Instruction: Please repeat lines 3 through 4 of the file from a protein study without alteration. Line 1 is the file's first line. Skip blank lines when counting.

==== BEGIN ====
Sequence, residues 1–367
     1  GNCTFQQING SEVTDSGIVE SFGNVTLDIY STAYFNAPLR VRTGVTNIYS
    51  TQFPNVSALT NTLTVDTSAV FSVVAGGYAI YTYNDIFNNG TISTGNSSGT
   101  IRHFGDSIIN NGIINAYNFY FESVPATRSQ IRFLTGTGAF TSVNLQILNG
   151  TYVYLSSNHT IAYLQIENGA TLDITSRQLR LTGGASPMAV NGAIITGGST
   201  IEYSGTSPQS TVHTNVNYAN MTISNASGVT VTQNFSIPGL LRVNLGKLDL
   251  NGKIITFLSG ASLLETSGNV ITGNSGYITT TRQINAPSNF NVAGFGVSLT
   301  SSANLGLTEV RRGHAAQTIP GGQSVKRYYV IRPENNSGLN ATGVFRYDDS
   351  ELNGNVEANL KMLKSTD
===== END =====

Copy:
    51  TQFPNVSALT NTLTVDTSAV FSVVAGGYAI YTYNDIFNNG TISTGNSSGT
   101  IRHFGDSIIN NGIINAYNFY FESVPATRSQ IRFLTGTGAF TSVNLQILNG